• Nascent protein selection and triage at the ribosome exit site | Shu-ou Shan, California Institute of Technology

RNA and disease

This track will focus on discoveries in humans and model systems related to transfer RNAs, tRNA fragments and Piwi-interacting RNAs — their biogenesis, functions and roles in development and disease.

Keywords: small noncoding RNAs, RNA modification, RNA binding proteins, tRNA, piRNA, miRNA, tRNA fragments, gene expression, stem cells, muscle cells, development, cancer.

Noncoding RNAs and disease | Tuesday, 11:15 a.m. to 1 p.m.

  • tRNA: Splicing and subcellular dynamics | Anita Hopper, Ohio State University
  • The role of tRNA derived small RNAs in gene regulation in normal tissues and cancer | Mark Kay, Stanford University
  • The Piwi-piRNA pathway: A new paradigm in gene regulation | Haifan Lin, Yale University
  • piRNA biogenesis and function in drosophila | Mikiko Siomi, University of Tokyo

RNA modifications and disease | Wednesday, 11:45 a.m. to 1:30 p.m.

  • RNA modification in cancer | Jianjun Chen, Beckman Research Institute of City of Hope
  • RNA modifications in health and disease | Tsutomu Suzuki, University of Tokyo
  • tRNA quality control: Mechanisms, evolution and implications for human disease | Eric Phizicky, University of Rochester Medical Center

RNA binding proteins and control of RNA biogenesis in disease | Thursday, 11:45 a.m. to 1:30 p.m.

  • Reprogramming cell fates by RNA binding proteins in stem cells and cancer | Takahiro Ito, University of Georgia
  • The RNA exosome and genetic disease | Anita Corbett, Emory University
  • RNA, chromatin and the coordinated control of gene expression | Tracy Johnson, University of California, Los Angeles
  • Connections between mRNP composition and mRNA fate | Guramrit Singh, Ohio State University

Understanding the rules of life

This track will have speakers using computational, modeling, biochem and molbio approaches to capture dynamic data, analyze changes over time and make predictions.

Keywords: computation, modeling, cell fate, cell decision, signal transduction, synthetic cell.

Cell decision making | Tuesday, 11:15 a.m. to 1 p.m.

  • Lifelong analysis of key aging genes as determinants of lifespan in C. elegans | Adriana San Miguel, North Carolina State University
  • Nuclear mechanics in migrating cells | Tanmay Lele, University of Florida
  • Clocks, hourglasses and history-dependent clocks | Arvind Murugan, University of Chicago

Computational approaches to regulation of gene expression | Wednesday, 11:45 a.m. to 1:30 p.m.

  • Leveraging microfluidics for high-throughput studies of transcription factor/DNA binding | Polly Fordyce, Stanford University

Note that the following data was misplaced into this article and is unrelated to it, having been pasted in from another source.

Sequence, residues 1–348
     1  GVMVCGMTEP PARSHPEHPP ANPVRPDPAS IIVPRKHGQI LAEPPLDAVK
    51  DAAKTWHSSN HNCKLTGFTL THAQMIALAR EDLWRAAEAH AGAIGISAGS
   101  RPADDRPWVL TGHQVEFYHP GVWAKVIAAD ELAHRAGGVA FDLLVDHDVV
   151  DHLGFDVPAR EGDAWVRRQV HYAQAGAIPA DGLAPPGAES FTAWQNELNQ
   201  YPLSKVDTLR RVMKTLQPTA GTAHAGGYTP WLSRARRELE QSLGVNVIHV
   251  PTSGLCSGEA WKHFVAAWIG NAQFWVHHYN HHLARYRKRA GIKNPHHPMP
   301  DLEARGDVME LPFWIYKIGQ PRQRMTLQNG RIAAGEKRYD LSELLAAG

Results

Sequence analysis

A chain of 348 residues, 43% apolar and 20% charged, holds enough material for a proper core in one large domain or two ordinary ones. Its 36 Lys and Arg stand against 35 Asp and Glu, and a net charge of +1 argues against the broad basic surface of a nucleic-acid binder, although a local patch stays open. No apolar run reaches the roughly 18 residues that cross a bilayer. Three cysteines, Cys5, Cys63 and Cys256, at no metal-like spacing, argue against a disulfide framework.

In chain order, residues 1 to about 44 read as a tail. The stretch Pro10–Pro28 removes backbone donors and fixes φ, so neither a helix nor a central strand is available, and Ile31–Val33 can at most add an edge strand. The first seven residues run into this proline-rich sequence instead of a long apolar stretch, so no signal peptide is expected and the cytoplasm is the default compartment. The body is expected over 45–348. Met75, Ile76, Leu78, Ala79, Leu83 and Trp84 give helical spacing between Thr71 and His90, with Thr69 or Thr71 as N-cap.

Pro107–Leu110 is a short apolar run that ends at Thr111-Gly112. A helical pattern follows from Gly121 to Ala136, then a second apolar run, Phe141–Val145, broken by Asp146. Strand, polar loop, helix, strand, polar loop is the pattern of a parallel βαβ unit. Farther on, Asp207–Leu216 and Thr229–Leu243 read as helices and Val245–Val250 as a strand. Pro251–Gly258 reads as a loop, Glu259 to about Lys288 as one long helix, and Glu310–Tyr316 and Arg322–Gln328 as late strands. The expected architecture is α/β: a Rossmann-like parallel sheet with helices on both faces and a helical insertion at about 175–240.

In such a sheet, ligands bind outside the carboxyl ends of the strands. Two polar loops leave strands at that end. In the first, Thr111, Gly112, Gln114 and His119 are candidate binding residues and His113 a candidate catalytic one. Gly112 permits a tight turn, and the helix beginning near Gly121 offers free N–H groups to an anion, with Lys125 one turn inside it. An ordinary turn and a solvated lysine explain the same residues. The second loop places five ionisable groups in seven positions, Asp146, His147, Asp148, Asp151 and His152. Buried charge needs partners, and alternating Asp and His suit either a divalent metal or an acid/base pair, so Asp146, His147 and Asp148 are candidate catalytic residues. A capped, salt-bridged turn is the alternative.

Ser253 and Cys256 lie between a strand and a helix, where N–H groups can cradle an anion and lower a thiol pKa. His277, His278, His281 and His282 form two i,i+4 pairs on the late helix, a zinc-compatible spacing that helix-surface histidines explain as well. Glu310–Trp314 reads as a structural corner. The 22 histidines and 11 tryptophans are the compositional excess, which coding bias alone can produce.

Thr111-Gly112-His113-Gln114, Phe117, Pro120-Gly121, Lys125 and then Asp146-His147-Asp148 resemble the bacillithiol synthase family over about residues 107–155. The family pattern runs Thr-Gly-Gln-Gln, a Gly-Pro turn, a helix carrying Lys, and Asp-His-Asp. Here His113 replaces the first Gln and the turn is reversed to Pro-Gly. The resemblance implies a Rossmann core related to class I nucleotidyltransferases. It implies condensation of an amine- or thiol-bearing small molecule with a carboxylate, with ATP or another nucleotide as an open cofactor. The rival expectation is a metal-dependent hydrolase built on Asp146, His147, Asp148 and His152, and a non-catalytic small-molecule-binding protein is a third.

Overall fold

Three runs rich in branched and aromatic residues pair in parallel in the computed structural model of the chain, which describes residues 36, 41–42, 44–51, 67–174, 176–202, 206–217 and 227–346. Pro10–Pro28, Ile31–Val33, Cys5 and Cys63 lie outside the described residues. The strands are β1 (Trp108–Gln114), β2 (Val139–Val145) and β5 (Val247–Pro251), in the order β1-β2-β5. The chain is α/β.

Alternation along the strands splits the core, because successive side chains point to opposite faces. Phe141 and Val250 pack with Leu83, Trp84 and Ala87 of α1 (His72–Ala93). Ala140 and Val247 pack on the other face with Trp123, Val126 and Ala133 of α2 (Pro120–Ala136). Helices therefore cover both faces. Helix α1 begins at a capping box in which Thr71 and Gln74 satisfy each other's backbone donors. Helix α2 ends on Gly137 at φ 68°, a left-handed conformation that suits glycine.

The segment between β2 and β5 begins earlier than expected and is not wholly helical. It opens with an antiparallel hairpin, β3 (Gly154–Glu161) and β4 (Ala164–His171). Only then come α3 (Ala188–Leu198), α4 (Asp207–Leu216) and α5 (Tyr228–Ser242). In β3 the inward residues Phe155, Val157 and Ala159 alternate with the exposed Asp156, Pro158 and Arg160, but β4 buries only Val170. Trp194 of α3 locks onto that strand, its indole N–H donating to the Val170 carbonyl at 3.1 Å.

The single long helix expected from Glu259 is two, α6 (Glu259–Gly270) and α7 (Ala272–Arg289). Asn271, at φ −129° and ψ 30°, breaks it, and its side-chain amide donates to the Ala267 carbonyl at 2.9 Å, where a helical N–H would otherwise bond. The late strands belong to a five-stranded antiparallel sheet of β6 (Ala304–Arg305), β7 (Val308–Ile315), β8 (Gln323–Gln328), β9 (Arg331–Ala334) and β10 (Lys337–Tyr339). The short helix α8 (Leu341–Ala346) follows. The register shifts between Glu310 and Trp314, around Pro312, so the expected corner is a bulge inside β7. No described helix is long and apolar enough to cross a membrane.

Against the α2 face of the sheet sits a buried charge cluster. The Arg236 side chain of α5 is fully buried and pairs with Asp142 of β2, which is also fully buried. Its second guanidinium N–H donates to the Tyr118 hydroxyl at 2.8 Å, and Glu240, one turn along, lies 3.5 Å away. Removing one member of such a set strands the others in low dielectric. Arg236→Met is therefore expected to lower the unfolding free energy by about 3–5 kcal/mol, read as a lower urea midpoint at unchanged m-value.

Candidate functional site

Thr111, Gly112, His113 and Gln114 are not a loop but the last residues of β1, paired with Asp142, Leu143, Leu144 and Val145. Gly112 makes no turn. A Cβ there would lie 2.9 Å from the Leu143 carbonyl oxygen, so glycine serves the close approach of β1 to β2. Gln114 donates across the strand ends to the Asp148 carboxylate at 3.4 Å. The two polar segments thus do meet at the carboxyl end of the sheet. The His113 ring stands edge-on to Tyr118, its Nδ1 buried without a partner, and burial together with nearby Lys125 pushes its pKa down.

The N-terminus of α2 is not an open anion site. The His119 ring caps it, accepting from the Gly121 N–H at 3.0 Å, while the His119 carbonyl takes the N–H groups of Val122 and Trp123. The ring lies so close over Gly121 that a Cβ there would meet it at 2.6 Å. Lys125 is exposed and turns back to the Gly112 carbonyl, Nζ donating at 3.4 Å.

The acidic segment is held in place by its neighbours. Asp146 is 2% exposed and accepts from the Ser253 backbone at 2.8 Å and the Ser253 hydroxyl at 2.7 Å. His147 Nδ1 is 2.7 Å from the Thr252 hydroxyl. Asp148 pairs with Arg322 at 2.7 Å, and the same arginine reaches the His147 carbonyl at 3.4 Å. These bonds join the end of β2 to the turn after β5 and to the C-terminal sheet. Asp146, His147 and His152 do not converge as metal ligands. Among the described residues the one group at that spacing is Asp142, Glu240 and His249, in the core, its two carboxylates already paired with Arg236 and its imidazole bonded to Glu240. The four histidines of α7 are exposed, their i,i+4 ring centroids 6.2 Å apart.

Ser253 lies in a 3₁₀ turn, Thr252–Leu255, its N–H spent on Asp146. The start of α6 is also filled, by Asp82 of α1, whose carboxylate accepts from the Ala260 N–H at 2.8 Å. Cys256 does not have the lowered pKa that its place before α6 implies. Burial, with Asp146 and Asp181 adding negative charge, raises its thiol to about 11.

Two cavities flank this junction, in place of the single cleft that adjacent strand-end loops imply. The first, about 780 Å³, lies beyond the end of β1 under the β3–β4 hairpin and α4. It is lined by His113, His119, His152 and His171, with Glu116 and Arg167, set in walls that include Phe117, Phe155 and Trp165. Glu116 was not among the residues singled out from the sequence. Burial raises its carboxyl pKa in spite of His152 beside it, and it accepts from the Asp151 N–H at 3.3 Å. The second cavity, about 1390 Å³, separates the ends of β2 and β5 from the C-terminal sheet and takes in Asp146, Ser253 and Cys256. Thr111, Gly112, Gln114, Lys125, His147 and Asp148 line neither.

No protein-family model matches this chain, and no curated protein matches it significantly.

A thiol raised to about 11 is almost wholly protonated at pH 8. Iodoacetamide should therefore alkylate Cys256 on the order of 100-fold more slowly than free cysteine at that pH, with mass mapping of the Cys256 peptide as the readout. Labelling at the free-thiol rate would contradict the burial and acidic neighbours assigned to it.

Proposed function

• Synthetic NF-kB: A building approach to study complex signaling behaviors | Ping Wei, Peking University Center for Quantitative Biology
  • Title to come | Neal Devaraj, University of California, San Diego

Who we are and what we do

This track will challenge the ways in which we teach, mentor and carry out our work within the scientific research and academic culture.

Keywords: inclusion, diversity, wellness, active learning, pedagogy, #MeToo, mentorship, discipline-based education research, interdisciplinarity

Who we are: Creating a culture of wellness in science | Tuesday, 11:15 a.m. to 1 p.m.

  • Preventing and overcoming harassment | Alex Helman, National Academies of Sciences, Engineering and Medicine
  • An asset-based approach to advancing Latina students in STEM; increasing resilience, participation and success | Elsa Gonzalez, University of Houston
  • Promoting mental well-being | Nathan Vanderford, University of Kentucky
  • Mentorship best practices | Joanne Kamens, Addgene

What we do: Choosing pedagogy over content | Wednesday, 11:45 a.m. to 1:30 p.m.

  • Grand challenges: building interdisciplinary communities to tackle complex global issues | Jodi Schwarz, Vassar College
  • Teaching biochemistry in context | Daniel Dries, Juniata College
  • Using narrative in STEM education | Reneta Lansiquot, New York City College of Technology
  • Reimagining STEM education to help underrepresented students thrive in the classroom | Shannon Z. Jones, University of Richmond

ASBMB last-chance abstract categories

Even if you missed the abstract deadline for the 2021 ASBMB Annual Meeting, you still have a few days left to submit your last-chance abstract! They're due Feb. 4. See the categories below and submit your abstract.

  • Genome dynamics: DNA replication, repair and recombination
  • RNA: Processing, transport and regulatory mechanisms
  • Protein synthesis, structure, modifications and interactions
  • Enzyme chemistry and catalysis
  • Chemical biology, drug discovery and bioanalytical methods
  • Genomics, proteomics and metabolomics
  • Signal transduction and cellular regulation
  • Bacteria and parasites: From microbiome to antibiotics
  • Metabolism and bioenergetics
  • Lipids and membranes
  • Biochemistry of organelles and organelle trafficking
  • Glycans and glycobiology
  • BMB education and professional development
ASBMB Today Staff
ASBMB Today Staff

This article was written by a member or members of the ASBMB Today staff.